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Opiates are naturally occurring alkaloids that are derived from the opium poppy and demonstrate analgesic effects. Opioids are derived from natural and semisynthetic alkaloids of opium or synthetic compounds(1):
-Codeine is a naturally occurring opioid agonist often incorporated into formulations along with acetaminophen or aspirin to increase its analgesic effect.(2) Codeine is metabolized to morphine and subsequently undergoes glucuronidation and sulfation.
-Morphine is an opioid receptor agonist that is used for major pain analgesia.(2) It has been shown to distribute widely into many fetal tissues,(4) and has been detected in meconium.
-Hydrocodone is a semisynthetic analgesic derived from codeine. Hydrocodone is 6 times more potent than codeine and is prescribed for treatment of moderate-to-moderately severe pain.(2) Hydrocodone undergoes O-demethylation in vivo, forming hydromorphone.
-Hydromorphone, a semisynthetic derivative of morphine, is an opioid analgesic. It is 7 to 10 times more potent than morphine, its addiction liability is similar to morphine.(2)
-Oxycodone, a semisynthetic narcotic derived from thebaine. It is metabolized by O-demethylation, forming oxymorphone.(2)
-Oxymorphone is a semisynthetic opioid derivative of thebaine and is indicated for moderate-to-severe pain.(2)
-Heroin, a semisynthetic derivative of morphine, is rapidly deacetylated in vivo to the active metabolite 6-monoacetlymorphine (6-MAM), which is further hydrolyzed to morphine.(2)
Opiates have been shown to readily cross the placenta and distribute widely into many fetal tissues. Opiate use by the mother during pregnancy increases the risk of prematurity and small size for gestational age. Furthermore, heroin-exposed infants exhibit an early onset of withdrawal symptoms compared to methadone-exposed infants. These infants demonstrate a variety of symptoms including irritability, hypertonia, wakefulness, diarrhea, yawning, sneezing, increased hiccups, jitteriness, excessive sucking, and seizures. Long-term intrauterine drug exposure may lead to abnormal neurocognitive and behavioral development as well as an increased risk of sudden infant death syndrome.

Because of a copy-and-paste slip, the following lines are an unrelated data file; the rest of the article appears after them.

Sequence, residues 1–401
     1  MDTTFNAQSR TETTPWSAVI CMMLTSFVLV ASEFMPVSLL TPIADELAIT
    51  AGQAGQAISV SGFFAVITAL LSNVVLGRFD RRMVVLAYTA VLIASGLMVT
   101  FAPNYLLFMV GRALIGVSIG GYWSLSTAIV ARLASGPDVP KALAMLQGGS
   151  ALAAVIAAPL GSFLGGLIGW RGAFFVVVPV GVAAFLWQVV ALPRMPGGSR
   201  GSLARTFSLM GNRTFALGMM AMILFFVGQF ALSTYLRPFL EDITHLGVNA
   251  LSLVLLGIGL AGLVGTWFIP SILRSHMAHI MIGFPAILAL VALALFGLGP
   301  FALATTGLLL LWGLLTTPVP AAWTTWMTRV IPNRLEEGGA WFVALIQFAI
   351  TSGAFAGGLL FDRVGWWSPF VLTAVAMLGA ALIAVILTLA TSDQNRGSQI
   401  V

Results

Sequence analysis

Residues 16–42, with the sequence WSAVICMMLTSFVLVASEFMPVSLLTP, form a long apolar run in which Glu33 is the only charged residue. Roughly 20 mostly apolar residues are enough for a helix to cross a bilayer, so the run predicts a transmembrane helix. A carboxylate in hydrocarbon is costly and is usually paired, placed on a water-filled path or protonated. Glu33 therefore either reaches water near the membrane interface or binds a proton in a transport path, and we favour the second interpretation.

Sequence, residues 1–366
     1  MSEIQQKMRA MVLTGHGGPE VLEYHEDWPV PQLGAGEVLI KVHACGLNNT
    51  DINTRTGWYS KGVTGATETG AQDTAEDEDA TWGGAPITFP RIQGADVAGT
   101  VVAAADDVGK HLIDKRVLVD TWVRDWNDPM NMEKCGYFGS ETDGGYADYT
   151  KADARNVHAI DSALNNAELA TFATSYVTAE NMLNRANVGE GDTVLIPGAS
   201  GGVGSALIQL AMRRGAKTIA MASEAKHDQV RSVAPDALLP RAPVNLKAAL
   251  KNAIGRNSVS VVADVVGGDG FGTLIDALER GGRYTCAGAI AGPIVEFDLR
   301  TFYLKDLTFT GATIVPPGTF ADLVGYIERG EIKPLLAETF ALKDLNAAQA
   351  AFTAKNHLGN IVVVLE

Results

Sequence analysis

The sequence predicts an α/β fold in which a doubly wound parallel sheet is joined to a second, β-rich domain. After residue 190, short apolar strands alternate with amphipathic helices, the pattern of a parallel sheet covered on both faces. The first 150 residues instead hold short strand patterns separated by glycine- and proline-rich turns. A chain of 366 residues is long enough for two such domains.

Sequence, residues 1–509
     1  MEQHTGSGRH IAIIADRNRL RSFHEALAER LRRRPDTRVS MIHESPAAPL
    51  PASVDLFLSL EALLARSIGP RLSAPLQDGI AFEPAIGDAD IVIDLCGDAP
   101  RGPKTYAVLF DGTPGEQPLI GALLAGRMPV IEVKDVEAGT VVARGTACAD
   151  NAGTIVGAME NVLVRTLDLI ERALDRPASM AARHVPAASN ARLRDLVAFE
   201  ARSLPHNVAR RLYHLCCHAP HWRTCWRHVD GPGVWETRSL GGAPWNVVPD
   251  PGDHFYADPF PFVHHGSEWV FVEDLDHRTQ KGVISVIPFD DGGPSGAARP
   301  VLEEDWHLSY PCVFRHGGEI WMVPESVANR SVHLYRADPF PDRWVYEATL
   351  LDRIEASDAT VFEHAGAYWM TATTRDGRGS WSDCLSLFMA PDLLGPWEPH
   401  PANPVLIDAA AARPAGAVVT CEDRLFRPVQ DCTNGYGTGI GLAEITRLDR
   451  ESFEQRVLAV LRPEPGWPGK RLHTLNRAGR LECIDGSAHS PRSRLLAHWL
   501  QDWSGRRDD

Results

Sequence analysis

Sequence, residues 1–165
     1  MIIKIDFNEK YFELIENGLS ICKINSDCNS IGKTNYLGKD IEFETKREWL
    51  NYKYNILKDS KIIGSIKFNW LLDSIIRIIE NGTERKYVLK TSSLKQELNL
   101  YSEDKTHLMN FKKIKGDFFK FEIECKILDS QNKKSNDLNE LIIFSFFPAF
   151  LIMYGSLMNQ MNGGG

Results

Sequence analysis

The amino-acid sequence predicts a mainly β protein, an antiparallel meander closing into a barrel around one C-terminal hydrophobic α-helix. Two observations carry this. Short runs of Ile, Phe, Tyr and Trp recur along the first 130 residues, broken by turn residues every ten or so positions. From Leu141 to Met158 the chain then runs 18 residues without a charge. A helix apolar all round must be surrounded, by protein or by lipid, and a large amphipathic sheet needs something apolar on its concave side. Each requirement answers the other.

The disposition of opiates and opioids in meconium, the first fecal material passed by the neonate, is not well understood. The proposed mechanism is that the fetus excretes drug into bile and amniotic fluid. Drug accumulates in meconium either by direct deposition from bile or through swallowing of amniotic fluid. The first evidence of meconium in the fetal intestine appears at approximately the 10th to 12th week of gestation, and slowly moves into the colon by the 16th week of gestation. Therefore, the presence of drugs in meconium has been proposed to be indicative of in utero drug exposure during the final 4 to 5 months of pregnancy, a longer historical measure than is possible by urinalysis.
Detection of maternal prenatal opiate/opioid use up to 5 months before birth
The presence of any of the following opiates (codeine, morphine, hydrocodone, hydromorphone, oxycodone, oxymorphone) at > or =50 ng/g or 6-monoacetlymorphine at > or =10 ng/g indicates the newborn was exposed to opiates/opioids during gestation.
Since the evidence of illicit drug use during pregnancy can be cause for separating the baby from the mother, a kit is available that includes all the materials necessary to complete chain-of-custody to ensure that the test results are appropriate for legal proceedings.
Positives are reported with a quantitative LC-MS/MS result.
Codeine by LC-MS/MS: >50 ng/g
Hydrocodone by LC-MS/MS: >50 ng/g
Hydromorphone by LC-MS/MS: >50 ng/g
Morphine by LC-MS/MS: >50 ng/g
Oxycodone by LC-MS/MS: >50 ng/g
Oxymorphone by LC-MS/MS: >50 ng/g
1. Gutstein HB, Akil H: Opioid analgesics. In Goodman and Gilman's The Pharmacological Basis of Therapeutics. Edited by LL Brunton, JS Lazo, KL Parker. 11th edition. McGraw-Hill Companies Inc, 2006. Available at URL: www.accessmedicine.com/content.aspx?aID=940653
2. Baselt RC: Disposition of Toxic Drugs and Chemical in Man. Edited by RC Baselt. Foster City, CA. Biomedical Publications, 2008, pp 355-360; 730-735; 745-747; 750-752; 1057-1064; 1166-1168; 1470-1171
3. Ostrea EM Jr, Lynn SM, Wayne RN, Stryker JC: Tissue distribution of morphine in the newborns of addicted monkeys and humans. Clinical implications. Dev Pharmacol Ther 1980;1:163-170
4. Szeto HH: Kinetics of drug transfer to the fetus. Clin Obstet Gynecol 1993;36:246-254
5. Kwon TC, Ryan RM: Detection of intrauterine illicit drug exposure by newborn drug testing. National Academy of Clinical Biochemistry. Clin Chem 1997;43:235-242
6. Ostrea EM Jr, Brady MJ, Parks PM, et al: Drug screening of meconium in infants of drug-dependent mothers: an alternative to urine testing. J Pediatr 1989;115:474-477
7. Ahanya SN, Lakshmanan J, Morgan BL, Ross MG: Meconium passage in utero: mechanisms, consequences, and management. Obstet Gynecol Surv 2005;60:45-56